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2024 Debate: Trump Lies About Abortions After Birth as Biden Fails to Defend Reproductive Rights

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Abortion rights were a key focus of Thursday’s CNN debate between President Joe Biden and former President Donald Trump, the first to be held since the Supreme Court overturned Roe v. Wade in 2022. Trump took credit for nominating the conservative justices who helped overturn the law, and falsely claimed that Democrats support abortions “even after birth.” “We have no examples of that whatsoever,” says Michele Goodwin, professor of constitutional law and global health policy at Georgetown University. “There is no such thing as abortion after birth.” Goodwin says that while “Americans support reproductive freedom,” Biden’s messaging was weak in the debate.

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This is a rush transcript. Copy may not be in its final form.

AMY GOODMAN: I’m going to come back to the economy, but I want to go to the issue of reproductive rights right now and abortion. President Trump takes credit for the Supreme Court’s decision to overturn Roe v. Wade, which returned the issue of abortion to the states. During last night’s debate, moderator Dana Bash noted the federal government still regulates access to abortion pills, which are used in about two-thirds of all abortions. This was President Trump’s response to whether he would block abortion medication if reelected.

DONALD TRUMP: And what I did is I put three great Supreme Court justices on the court, and they happened to vote in favor of killing Roe v. Wade and moving it back to the states. This is something that everybody wanted. Now, 10 years ago or so, they started talking about how many weeks and how many this, getting into other things. But every legal scholar, throughout the world, the most respected, wanted it brought back to the states. I did that.

Now the states are working it out. If you look at Ohio, it was a decision that was — it was an end result that was a little bit more liberal than you would have thought. Kansas, I would say the same thing. Texas is different. Florida is different. But they’re all making their own decisions right now. And right now the states control it. That’s the vote of the people.

Like Ronald Reagan, I believe in the exceptions. I am a person that believes. And frankly, I think it’s important to believe in the exceptions. Some people — you have to follow your heart. Some people don’t believe in that. But I believe in the exceptions for rape, incest and the life of the mother. I think it’s very important. Some people don’t. Follow your heart.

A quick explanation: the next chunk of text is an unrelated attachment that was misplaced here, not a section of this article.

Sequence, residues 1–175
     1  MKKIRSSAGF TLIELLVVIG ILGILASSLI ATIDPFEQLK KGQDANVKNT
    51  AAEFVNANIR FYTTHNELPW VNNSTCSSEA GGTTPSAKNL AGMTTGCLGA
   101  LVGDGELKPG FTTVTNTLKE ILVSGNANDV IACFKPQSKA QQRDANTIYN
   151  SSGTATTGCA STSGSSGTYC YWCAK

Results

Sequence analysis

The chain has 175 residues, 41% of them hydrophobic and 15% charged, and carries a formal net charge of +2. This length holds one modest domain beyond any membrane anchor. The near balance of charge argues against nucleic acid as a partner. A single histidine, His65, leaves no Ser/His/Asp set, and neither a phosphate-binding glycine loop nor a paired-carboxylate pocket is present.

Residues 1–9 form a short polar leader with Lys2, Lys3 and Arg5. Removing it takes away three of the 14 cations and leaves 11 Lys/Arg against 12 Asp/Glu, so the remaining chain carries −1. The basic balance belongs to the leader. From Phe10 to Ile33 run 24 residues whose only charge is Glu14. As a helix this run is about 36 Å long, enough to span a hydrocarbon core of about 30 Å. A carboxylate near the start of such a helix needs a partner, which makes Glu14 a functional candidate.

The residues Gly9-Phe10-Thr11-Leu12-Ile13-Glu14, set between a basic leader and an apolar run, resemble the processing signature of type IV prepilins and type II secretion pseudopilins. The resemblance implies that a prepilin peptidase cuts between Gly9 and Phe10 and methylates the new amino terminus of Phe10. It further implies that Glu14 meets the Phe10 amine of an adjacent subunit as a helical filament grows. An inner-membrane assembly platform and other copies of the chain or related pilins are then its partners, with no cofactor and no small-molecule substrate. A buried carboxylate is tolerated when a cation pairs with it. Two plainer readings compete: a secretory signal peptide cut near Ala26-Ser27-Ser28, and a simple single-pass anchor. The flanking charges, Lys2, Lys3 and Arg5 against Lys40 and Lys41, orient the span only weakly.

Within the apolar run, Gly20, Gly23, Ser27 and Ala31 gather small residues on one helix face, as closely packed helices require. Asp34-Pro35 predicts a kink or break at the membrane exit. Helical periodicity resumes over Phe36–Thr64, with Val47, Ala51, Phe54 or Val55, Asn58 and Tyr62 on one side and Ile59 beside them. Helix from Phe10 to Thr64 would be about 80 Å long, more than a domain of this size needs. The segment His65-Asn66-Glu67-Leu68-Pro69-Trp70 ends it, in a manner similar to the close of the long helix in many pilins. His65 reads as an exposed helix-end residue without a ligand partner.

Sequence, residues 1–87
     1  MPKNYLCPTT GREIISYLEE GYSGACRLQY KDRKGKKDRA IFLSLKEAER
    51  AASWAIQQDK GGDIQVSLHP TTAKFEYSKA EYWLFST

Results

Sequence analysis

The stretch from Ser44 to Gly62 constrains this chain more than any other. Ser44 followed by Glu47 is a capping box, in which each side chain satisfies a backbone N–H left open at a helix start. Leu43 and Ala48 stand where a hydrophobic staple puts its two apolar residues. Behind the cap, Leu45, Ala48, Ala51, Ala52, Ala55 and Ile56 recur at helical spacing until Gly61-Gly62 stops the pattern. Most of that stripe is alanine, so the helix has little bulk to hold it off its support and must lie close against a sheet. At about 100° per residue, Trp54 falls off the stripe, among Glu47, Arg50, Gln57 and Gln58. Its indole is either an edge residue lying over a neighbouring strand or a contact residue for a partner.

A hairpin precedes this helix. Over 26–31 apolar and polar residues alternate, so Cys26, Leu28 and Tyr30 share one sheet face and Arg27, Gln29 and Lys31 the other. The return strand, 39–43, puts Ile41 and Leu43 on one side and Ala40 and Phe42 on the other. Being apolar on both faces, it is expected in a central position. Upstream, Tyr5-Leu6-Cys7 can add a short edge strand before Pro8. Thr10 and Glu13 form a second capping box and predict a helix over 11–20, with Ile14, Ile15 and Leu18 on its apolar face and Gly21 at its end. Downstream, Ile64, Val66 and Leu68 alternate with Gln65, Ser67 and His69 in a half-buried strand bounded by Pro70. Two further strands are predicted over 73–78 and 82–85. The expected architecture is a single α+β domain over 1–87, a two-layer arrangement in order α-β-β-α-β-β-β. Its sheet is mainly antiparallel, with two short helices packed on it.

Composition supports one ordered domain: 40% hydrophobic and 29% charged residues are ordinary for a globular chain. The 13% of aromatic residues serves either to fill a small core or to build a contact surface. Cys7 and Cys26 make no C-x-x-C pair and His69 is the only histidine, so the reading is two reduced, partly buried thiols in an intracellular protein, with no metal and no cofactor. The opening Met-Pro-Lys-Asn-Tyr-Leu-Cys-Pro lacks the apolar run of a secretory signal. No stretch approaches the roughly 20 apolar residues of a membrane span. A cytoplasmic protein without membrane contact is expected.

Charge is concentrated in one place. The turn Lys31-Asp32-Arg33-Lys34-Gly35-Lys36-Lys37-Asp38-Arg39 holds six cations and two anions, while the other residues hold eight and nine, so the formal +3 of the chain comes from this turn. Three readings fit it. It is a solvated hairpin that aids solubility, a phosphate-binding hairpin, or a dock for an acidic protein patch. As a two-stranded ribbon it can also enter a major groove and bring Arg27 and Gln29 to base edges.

But you have to get elected also and — because that has to do with other things. You’ve got to get elected.

The problem they have is they’re radical, because they will take the life of a child in the eighth month, the ninth month, and even after birth. After birth. If you look at the former governor of Virginia, he was willing to do this. He said, “We’ll put the baby aside, and we’ll determine what we do with the baby,” meaning “We’ll kill the baby.”

What happened is we brought it back to the states, and the country is now coming together on this issue. It’s been a great thing.

DANA BASH: Thank you. President Biden?

PRESIDENT JOE BIDEN: It’s been a terrible thing, what you’ve done.

The fact is that the vast majority of constitutional scholars supported Roe when it was decided. Supported Roe. And that was — that’s — this idea that they were all against it is just ridiculous.

And this is the guy who says the states should be able to have it. We’re in a state where in six weeks, you don’t even know whether you’re pregnant or not, but you cannot see a doctor or have your — and have him decide on what your circumstances are, whether you need help.

The idea that states are able to do this is a little like saying we’re going to turn civil rights back to the states, let each state have a different rule.

Look, there’s so many young women who have been — including a young woman who just was murdered, and he went to the funeral. The idea that she was murdered by a — by an immigrant coming in, they talk about that. But here’s the deal. There’s a lot of young women who are being raped by their — by their in-laws, by their — by their spouses, brothers and sisters, by just — it’s just ridiculous. And they can do nothing about it. And they try to arrest them when they cross state lines.

AMY GOODMAN: So, that’s President Biden and former President Trump. We’re joined by Michele Goodwin, professor of constitutional law and global health policy at Georgetown University, founding director of the Center for Biotechnology and Global Health Policy, author of Policing the Womb: Invisible Women and the Criminalization of Motherhood.

Professor Goodwin, your assessment of this discussion of reproductive rights?

MICHELE GOODWIN: Wel, what it exposes is just the chaos that we’re in in the United States in the wake of the Supreme Court dismantling Roe v. Wade and Planned Parenthood v. Casey, which protected a woman’s right to be able to terminate a pregnancy. And at that time, there was no need to lean into exceptions in cases of rape, in cases of incest or in cases where a woman might die. But that’s where we are, including before the Supreme Court just yesterday with its EMTALA decision, which was not full, but, rather, something that was technical.